Presented by Bertie Tumbleweed, FRSA. Reviewed by R T Faherty, Art Critic.
It's rare that one encounters a fellow human being who has made a career of rescuing records which have had teapots stood on them, but Tumbleweed can hold his head high. His lecture was billed as a seamless rendition, a feast for the senses of any lover of lower life forms. Well, thought I, I do know several of these arty types, don't I?
All agog, I bagged a seat right at the very front and availed myself of a catering sack of hula hoops which I lifted from behind the counter before the staff had had a chance of putting them out into those namby-pamby bowl things that cissies use. (Half-inched a wine box too - arf arf!) I then proceeded to crunch, munch, rustle and slurp my way through the presentation of the recordings - not forgetting to fold the packets neatly into long strips before tying them in knots. There were 47 in all. I found it was easier to take the bag OUT of the wine box and squirt it into my mouth as I went along.
I created some wonderful harmonies with the sounds on offer. The first recording was created from a fragment of a 78rpm record which had been retrieved from the bottom of a well. It was of a snail crawling through sycamore leaves, Savernake Forest, 1923. Tumbleweed then followed it by a subtly different one of a snail crawling through oak leaves, Hanbury Woods, 1927. Each recording lasted approximately 15 minutes and I greeted them enthusiastically.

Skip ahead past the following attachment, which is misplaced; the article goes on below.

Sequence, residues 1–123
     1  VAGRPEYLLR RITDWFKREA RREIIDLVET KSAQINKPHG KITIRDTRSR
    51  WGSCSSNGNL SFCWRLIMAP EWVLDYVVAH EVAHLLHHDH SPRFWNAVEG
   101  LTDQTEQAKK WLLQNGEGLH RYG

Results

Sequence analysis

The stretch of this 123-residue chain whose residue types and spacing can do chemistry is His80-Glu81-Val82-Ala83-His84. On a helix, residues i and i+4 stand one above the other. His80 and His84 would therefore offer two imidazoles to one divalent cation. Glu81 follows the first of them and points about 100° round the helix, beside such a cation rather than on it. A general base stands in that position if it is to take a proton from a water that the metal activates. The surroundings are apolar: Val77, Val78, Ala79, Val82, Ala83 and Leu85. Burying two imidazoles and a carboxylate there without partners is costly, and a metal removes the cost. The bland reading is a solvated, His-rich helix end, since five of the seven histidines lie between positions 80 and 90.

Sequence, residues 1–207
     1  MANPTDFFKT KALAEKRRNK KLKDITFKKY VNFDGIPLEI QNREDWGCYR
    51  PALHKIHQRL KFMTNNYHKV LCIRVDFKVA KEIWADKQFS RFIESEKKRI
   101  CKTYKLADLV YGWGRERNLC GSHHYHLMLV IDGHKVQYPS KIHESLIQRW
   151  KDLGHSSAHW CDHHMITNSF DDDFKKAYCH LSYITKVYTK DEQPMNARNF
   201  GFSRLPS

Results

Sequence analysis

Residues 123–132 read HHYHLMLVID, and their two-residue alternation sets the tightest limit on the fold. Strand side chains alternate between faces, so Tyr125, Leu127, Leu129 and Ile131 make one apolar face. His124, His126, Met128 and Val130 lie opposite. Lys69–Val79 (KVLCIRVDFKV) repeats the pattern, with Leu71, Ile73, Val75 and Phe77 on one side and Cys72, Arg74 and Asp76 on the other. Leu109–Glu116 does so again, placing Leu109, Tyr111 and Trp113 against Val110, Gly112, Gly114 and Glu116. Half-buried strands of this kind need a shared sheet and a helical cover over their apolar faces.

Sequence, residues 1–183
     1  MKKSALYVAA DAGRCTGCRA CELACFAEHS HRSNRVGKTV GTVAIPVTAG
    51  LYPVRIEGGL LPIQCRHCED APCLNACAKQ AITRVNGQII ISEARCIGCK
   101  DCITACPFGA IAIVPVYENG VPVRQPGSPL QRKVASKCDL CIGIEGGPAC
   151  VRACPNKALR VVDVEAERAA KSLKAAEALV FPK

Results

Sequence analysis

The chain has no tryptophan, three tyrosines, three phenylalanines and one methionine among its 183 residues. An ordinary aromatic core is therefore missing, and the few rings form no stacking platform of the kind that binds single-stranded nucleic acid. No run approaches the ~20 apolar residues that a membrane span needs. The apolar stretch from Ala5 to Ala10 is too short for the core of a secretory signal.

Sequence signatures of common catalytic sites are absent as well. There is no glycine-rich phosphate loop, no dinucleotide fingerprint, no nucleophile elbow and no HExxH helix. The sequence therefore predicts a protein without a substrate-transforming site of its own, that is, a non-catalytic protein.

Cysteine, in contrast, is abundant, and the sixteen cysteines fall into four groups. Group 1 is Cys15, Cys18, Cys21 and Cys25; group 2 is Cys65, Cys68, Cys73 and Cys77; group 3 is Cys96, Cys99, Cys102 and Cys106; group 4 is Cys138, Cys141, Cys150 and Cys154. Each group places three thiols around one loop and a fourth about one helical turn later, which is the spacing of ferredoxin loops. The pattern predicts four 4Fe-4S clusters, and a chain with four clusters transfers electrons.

He then moved on to the use of the death watch beetle as a means of creating a pleasing background rhythm in the days before houses had radios or anything like that. Apparently people used to harvest them and take them down the pub so that they could play mating rituals at each other. This part of the talk lasted approximately three hours; it was not illustrated, as it were, with any recordings, because early attempts to capture the enchanting sounds were foiled by the building falling down.
There was another five hours of this challenging yet strangely haunting material.
However, to hard-core types like myself, brought up on the sounds of 4'33" of Silence, this presented no challenge at all. I had another squirt. So to speak.
The final recording was an intriguing one; it actually departed from the theme of the lecture somewhat in that the subject was undeniably vertebrate. It was of a member of the public who had attended his previous lecture, who for some reason had acquired a tea chest, got inside, nailed down the lid and sent it to an unspecified destination. Never to return.
And - you know what? At the end of the lecture I turned round... and there was almost nobody left.
Apart from my old mate, Bogg. I'd recognise that flatulent aroma anywhere.